Karen Grigsby Bates

Karen Grigsby Bates is the Los Angeles-based correspondent for NPR News. Bates contributed commentaries to All Things Considered for about 10 years before she joined NPR in 2002 as the first correspondent and alternate host for The Tavis Smiley Show. In addition to general reporting and substitute hosting, she increased the show's coverage of international issues and its cultural coverage, especially in the field of literature and the arts.

In early 2003, Bates joined NPR's former midday news program Day to Day. She has reported on politics (California's precedent-making gubernatorial recall, Gov. Arnold Schwarzenegger's re-election campaign and the high-profile mayoral campaign of Los Angeles' Antonio Villaraigosa), media, and breaking news (the Abu Ghrarib scandal, the 2004 tsunami in Southeast Asia and the execution of Stanley "Tookie" Williams).

Bates' passion for food and things culinary has served her well: she's spent time with award-winning food critic Alan Richman and chef-entrepreneur Emeril Lagasse.

One of Bates' proudest contributions is making books and authors a high-profile part of NPR's coverage. "NPR listeners read a lot, and many of them share the same passion for books that I do, so this isn't work, it's a pleasure." She's had conversations with such writers as Walter Mosley, Joan Didion and Kazuo Ishiguru. Her bi-annual book lists (which are archived on the web) are listener favorites.

Before coming to NPR, Bates was a news reporter for People magazine. She was a contributing columnist to the Op Ed pages of the Los Angeles Times for ten years. Her work has appeared in Time, The New York Times, the Washington Post, Essence and Vogue. And she's been a guest on several news shows such as ABC's Nightline and the CBS Evening News.

In her non-NPR life, Bates is the author of Plain Brown Wrapper and Chosen People, mysteries featuring reporter-sleuth Alex Powell. She is co-author, with Karen E. Hudson, of Basic Black: Home Training for Modern Times, a best-selling etiquette book now in its second edition. Her work also appears in several writers' anthologies.

Bates holds a Bachelor of Arts degree from Wellesley College. Additionally she studied at the University of Ghana and completed the executive management program at Yale University's School of Organization and Management.

Over the past few days, we've seen image after image of Muhammad Ali: triumphant in the ring, joking on talk shows and shakily lifting the Olympic torch at the 1996 Atlanta games. He's remembered these days as an athlete and a humanitarian, and that was, definitely, Ali. But so was the defiant, incisive Ali.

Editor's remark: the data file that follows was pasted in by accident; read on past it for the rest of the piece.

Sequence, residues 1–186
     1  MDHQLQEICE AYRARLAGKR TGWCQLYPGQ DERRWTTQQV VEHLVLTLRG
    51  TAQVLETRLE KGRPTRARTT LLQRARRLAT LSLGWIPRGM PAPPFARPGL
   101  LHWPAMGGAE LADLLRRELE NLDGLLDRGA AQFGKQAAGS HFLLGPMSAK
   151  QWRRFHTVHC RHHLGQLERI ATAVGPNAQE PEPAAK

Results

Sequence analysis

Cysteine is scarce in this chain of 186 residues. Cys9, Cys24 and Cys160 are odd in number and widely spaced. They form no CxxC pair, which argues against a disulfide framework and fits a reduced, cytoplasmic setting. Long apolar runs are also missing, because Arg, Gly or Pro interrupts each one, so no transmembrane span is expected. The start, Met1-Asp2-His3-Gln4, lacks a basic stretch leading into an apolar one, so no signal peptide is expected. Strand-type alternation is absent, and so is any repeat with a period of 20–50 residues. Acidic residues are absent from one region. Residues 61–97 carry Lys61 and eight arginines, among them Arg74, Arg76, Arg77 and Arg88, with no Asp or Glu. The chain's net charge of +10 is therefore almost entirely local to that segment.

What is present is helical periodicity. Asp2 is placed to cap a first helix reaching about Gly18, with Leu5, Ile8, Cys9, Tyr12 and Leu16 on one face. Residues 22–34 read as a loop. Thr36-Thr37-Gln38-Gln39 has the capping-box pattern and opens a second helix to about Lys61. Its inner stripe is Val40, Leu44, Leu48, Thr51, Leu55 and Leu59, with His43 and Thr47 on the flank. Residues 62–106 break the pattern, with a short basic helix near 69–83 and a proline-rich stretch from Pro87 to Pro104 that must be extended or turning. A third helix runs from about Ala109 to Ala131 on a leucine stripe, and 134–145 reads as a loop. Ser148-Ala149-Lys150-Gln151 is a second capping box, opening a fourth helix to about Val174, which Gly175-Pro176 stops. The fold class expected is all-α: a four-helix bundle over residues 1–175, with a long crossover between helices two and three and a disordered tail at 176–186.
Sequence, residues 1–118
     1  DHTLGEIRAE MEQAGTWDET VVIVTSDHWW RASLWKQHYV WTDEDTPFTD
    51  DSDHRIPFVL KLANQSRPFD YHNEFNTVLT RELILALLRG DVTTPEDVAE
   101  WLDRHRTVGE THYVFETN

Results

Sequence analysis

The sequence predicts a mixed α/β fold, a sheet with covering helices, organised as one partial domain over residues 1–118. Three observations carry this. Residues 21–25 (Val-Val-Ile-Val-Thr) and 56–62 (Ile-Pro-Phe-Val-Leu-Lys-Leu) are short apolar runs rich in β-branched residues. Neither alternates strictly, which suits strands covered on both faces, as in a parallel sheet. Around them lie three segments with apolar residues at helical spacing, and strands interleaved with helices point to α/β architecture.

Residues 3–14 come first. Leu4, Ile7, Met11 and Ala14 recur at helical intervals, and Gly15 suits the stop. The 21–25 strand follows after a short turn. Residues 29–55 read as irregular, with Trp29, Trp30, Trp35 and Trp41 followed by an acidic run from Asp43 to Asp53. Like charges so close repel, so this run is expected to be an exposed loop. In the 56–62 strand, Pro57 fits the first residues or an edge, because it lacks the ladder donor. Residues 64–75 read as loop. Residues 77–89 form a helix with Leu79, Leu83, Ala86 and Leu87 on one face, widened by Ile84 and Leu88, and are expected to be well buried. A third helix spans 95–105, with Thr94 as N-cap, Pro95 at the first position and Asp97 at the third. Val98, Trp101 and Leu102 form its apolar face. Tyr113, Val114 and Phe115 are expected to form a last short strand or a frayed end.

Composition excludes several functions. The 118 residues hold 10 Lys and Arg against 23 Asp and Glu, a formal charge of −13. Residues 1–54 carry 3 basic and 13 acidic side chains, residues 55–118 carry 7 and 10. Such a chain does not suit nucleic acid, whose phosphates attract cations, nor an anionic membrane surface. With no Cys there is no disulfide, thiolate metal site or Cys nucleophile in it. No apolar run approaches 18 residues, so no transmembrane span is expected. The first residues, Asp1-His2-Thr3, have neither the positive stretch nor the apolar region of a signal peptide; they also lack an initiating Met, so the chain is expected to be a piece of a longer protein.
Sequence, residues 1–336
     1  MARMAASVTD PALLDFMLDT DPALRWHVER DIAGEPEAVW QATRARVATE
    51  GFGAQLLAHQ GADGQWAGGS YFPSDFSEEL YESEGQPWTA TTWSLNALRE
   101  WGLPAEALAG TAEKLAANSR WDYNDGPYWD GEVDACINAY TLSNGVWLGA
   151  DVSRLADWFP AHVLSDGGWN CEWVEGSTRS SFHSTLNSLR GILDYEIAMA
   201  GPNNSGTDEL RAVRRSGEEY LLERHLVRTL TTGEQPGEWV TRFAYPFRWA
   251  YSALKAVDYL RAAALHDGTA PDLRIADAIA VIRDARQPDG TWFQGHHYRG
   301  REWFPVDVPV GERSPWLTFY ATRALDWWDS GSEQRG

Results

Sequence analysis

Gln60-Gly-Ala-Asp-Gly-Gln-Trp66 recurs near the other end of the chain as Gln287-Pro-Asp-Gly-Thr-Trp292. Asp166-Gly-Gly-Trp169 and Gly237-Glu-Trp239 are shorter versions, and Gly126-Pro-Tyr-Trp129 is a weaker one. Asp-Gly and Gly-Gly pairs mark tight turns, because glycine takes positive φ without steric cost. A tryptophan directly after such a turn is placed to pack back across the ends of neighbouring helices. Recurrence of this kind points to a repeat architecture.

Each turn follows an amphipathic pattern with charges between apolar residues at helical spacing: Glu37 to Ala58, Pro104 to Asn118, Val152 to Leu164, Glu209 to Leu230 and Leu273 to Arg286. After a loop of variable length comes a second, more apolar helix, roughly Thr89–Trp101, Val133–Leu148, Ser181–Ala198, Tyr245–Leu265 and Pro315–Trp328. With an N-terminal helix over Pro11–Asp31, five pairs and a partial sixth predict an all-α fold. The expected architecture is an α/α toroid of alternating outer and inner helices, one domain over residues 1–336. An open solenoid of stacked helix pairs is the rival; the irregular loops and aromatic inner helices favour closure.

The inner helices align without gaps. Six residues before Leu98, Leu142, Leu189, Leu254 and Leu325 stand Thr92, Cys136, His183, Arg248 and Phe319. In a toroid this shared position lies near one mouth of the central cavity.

Copyright 2016 NPR. To see more, visit http://www.npr.org/.

Ah, the cardigan: your granny's cozy go-to used to be available year-round, but in limited quantities and colors. It was considered the sartorial equivalent of flossing: necessary, but not glamorous.

"The cardigan used to be something to keep you warm in the work place," explains Teri Agins, who covered the fashion industry for the Wall Street Journal for years. "It was not really an accessory you left on—unless you wore it as part of a twin set."

That look, sweater upon sweater, was considered too prim for a lot of young women. It was their mother's look.

One would think we wouldn't be needing to have this conversation right about now, but apparently we do.

As you've surely heard by now, this time the peg comes courtesy of New York Mayor Bill de Blasio, whose appearance in a comedy skit during a black-tie dinner over the weekend culminated with a "surprise" onstage visit from Hillary Clinton and Hizzoner's use of the phrase "C.P. Time."

Copyright 2016 NPR. To see more, visit http://www.npr.org/.

The night Cassius Clay beat Sonny Liston, the reigning heavyweight champion, crowds had squeezed into the venue, expecting to watch Liston beat the stuffing out of the young braggart. The odds were 7-to-1 in Liston's favor. The air was filled with testosterone and cigar smoke. Few people noticed the tall, quiet man at ringside, immaculately dressed in a dark suit and tie and crisp white shirt, watching the fight intently.

Morris Robinson has the kind of bass voice that reverberates so strongly, you feel it in your concert seat. Listening to it, you assume he's been singing all of his life. And he has — but not opera.

Shawn Amos had a Los Angeles childhood that was equal parts grit and glamor. He went to private schools and lived in a nice house, but it wasn't exactly in Mr. Rogers' neighborhood.

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